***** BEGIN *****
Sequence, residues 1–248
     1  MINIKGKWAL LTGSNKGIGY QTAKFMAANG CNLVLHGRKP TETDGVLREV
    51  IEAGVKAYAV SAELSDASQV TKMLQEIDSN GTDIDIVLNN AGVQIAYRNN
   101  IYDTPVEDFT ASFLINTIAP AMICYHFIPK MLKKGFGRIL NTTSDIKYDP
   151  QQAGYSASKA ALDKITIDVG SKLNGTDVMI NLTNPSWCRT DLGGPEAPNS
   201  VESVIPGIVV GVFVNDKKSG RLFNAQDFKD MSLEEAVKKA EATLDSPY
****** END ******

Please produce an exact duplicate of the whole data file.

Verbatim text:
Sequence, residues 1–248
     1  MINIKGKWAL LTGSNKGIGY QTAKFMAANG CNLVLHGRKP TETDGVLREV
    51  IEAGVKAYAV SAELSDASQV TKMLQEIDSN GTDIDIVLNN AGVQIAYRNN
   101  IYDTPVEDFT ASFLINTIAP AMICYHFIPK MLKKGFGRIL NTTSDIKYDP
   151  QQAGYSASKA ALDKITIDVG SKLNGTDVMI NLTNPSWCRT DLGGPEAPNS
   201  VESVIPGIVV GVFVNDKKSG RLFNAQDFKD MSLEEAVKKA EATLDSPY